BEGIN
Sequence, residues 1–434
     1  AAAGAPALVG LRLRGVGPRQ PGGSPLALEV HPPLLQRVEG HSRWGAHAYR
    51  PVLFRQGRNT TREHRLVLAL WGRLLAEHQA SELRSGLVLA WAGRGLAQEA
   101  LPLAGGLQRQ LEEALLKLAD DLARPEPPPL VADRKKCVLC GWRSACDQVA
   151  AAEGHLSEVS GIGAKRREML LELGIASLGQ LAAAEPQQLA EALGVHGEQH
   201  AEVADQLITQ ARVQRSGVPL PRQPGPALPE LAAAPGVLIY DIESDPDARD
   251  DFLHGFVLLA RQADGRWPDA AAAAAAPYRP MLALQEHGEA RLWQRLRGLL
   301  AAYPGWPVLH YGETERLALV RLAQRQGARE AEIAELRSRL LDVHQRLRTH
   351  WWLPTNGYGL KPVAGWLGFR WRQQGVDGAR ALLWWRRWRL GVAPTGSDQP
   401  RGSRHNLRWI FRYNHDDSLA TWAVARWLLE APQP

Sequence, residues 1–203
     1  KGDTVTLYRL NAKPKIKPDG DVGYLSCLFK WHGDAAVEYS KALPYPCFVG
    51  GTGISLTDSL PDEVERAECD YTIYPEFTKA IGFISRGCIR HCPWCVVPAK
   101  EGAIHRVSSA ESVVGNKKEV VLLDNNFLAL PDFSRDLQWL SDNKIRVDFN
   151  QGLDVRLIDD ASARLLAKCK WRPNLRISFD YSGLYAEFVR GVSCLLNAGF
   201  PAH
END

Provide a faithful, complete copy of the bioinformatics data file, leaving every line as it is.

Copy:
Sequence, residues 1–434
     1  AAAGAPALVG LRLRGVGPRQ PGGSPLALEV HPPLLQRVEG HSRWGAHAYR
    51  PVLFRQGRNT TREHRLVLAL WGRLLAEHQA SELRSGLVLA WAGRGLAQEA
   101  LPLAGGLQRQ LEEALLKLAD DLARPEPPPL VADRKKCVLC GWRSACDQVA
   151  AAEGHLSEVS GIGAKRREML LELGIASLGQ LAAAEPQQLA EALGVHGEQH
   201  AEVADQLITQ ARVQRSGVPL PRQPGPALPE LAAAPGVLIY DIESDPDARD
   251  DFLHGFVLLA RQADGRWPDA AAAAAAPYRP MLALQEHGEA RLWQRLRGLL
   301  AAYPGWPVLH YGETERLALV RLAQRQGARE AEIAELRSRL LDVHQRLRTH
   351  WWLPTNGYGL KPVAGWLGFR WRQQGVDGAR ALLWWRRWRL GVAPTGSDQP
   401  RGSRHNLRWI FRYNHDDSLA TWAVARWLLE APQP

Sequence, residues 1–203
     1  KGDTVTLYRL NAKPKIKPDG DVGYLSCLFK WHGDAAVEYS KALPYPCFVG
    51  GTGISLTDSL PDEVERAECD YTIYPEFTKA IGFISRGCIR HCPWCVVPAK
   101  EGAIHRVSSA ESVVGNKKEV VLLDNNFLAL PDFSRDLQWL SDNKIRVDFN
   151  QGLDVRLIDD ASARLLAKCK WRPNLRISFD YSGLYAEFVR GVSCLLNAGF
   201  PAH